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Data from: Plastic responses to competition: does bacteriocin production increase in the presence of nonself competitors?

Citation

Bhattacharya, Amrita; Pak, Hannah Tae‐Young; Bashey, Farrah; Pak, Hannah Tae-Young (2019), Data from: Plastic responses to competition: does bacteriocin production increase in the presence of nonself competitors?, Dryad, Dataset, https://doi.org/10.5061/dryad.n0j5b19

Abstract

Anticompetitor traits such as the production of allelopathic toxins can confer significant competitive benefits but are often costly to produce. Evolution of these traits may be facilitated by environment‐specific induction; however, the extent to which costly anticompetitor traits are induced by competitors is not well explored. Here, we addressed this question using bacteriocins, which are highly specific, proteinaceous anticompetitor toxins, produced by most lineages of bacteria and archaea. We tested the prediction that bacteriocin production is phenotypically plastic and induced by the presence of competitors by examining bacteriocin production in the presence and absence of nonself competitors over the course of growth of a producing strain. Our results show that bacteriocin production is detectable only at high cell densities, when competition for resources is high. However, the amount of bacteriocin activity was not significantly different in the presence vs. the absence of nonself competitors. These results suggest that bacteriocin production is either (a) canalized, constitutively produced by a fixed frequency of cells in the population or (b) induced by generic cues of competition, rather than specific self/nonself discrimination. Such a nonspecific response to competition could be favored in the natural environment where competition is ubiquitous.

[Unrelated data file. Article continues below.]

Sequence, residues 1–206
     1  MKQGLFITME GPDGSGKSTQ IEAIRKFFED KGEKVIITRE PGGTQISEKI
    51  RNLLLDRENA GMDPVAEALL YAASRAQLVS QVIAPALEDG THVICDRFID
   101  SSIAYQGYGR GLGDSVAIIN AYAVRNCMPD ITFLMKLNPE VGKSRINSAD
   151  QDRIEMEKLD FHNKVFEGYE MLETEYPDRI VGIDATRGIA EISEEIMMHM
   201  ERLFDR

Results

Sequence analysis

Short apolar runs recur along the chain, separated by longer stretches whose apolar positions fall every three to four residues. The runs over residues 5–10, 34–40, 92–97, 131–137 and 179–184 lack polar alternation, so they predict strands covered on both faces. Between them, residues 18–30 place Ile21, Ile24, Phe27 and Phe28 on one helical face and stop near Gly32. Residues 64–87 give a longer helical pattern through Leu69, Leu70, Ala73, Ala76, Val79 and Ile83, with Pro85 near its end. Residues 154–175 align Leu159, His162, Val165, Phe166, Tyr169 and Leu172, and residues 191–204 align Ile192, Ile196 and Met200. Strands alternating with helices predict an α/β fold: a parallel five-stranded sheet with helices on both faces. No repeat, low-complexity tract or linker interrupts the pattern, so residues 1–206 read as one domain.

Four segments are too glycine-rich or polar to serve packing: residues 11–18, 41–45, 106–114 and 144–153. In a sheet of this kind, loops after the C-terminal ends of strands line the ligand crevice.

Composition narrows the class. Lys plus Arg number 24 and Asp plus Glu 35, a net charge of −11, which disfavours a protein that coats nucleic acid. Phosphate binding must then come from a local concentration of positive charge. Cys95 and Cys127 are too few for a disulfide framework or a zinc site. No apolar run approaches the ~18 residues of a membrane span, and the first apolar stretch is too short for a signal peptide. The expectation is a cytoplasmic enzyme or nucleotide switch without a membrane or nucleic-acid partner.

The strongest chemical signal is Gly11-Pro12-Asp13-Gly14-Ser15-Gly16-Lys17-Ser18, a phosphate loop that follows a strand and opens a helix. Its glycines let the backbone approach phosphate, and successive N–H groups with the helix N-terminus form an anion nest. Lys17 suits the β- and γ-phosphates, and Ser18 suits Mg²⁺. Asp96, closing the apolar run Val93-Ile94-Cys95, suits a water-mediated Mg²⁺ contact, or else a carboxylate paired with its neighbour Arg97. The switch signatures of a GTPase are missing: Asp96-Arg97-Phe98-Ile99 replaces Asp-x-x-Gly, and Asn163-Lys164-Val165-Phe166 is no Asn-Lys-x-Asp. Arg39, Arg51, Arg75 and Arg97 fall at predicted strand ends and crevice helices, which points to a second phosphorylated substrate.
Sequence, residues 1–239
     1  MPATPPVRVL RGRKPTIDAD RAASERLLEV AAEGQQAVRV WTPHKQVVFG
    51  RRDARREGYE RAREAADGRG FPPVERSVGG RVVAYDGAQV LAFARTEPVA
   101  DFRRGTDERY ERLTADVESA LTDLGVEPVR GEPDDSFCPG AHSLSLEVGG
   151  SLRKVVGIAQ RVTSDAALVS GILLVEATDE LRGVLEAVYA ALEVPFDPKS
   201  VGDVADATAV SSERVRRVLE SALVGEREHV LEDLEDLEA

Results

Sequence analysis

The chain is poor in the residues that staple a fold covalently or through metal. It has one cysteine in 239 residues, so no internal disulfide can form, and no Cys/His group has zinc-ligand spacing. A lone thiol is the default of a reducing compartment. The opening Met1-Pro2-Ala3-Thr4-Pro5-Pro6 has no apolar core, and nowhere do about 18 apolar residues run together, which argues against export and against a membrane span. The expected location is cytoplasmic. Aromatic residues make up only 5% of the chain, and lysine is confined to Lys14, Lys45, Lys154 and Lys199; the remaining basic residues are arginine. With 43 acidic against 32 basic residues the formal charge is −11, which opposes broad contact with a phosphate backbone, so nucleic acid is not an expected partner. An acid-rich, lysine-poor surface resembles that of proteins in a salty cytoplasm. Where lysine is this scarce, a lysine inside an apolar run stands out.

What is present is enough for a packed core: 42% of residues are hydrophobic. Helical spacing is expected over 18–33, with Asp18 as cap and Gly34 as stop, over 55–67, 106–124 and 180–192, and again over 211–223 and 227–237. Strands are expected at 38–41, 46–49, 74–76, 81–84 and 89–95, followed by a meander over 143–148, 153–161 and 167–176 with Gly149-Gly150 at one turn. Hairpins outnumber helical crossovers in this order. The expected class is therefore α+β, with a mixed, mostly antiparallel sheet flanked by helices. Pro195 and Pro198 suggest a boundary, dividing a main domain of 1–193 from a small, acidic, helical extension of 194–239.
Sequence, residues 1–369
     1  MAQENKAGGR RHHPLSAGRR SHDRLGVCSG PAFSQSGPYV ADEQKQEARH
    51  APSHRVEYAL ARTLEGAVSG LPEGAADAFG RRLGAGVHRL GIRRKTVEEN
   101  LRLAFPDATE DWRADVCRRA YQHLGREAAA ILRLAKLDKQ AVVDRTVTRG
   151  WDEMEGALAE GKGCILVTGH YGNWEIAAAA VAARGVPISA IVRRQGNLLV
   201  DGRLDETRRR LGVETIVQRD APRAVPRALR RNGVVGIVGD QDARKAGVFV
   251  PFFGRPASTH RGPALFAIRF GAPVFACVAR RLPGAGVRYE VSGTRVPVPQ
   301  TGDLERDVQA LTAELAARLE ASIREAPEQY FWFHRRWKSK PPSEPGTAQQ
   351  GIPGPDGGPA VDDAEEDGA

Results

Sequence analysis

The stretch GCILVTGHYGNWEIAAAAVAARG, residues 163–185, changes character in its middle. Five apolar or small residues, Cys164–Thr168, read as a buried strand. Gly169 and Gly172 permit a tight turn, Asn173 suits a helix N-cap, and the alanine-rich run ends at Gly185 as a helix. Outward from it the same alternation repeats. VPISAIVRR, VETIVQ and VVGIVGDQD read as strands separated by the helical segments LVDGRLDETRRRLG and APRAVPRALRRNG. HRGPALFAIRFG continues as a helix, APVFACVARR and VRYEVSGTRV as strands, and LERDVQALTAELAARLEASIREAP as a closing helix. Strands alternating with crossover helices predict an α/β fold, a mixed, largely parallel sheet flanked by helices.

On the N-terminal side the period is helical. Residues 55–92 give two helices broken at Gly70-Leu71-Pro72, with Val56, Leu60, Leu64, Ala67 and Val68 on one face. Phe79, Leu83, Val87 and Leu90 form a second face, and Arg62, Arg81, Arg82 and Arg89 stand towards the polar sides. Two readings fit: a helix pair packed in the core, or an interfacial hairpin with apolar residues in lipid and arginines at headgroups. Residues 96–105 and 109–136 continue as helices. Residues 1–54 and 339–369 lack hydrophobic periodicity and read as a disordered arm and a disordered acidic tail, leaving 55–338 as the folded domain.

Usage Notes

Funding

National Science Foundation, Award: NSF DEB-0919015

Location

Indiana
United States of America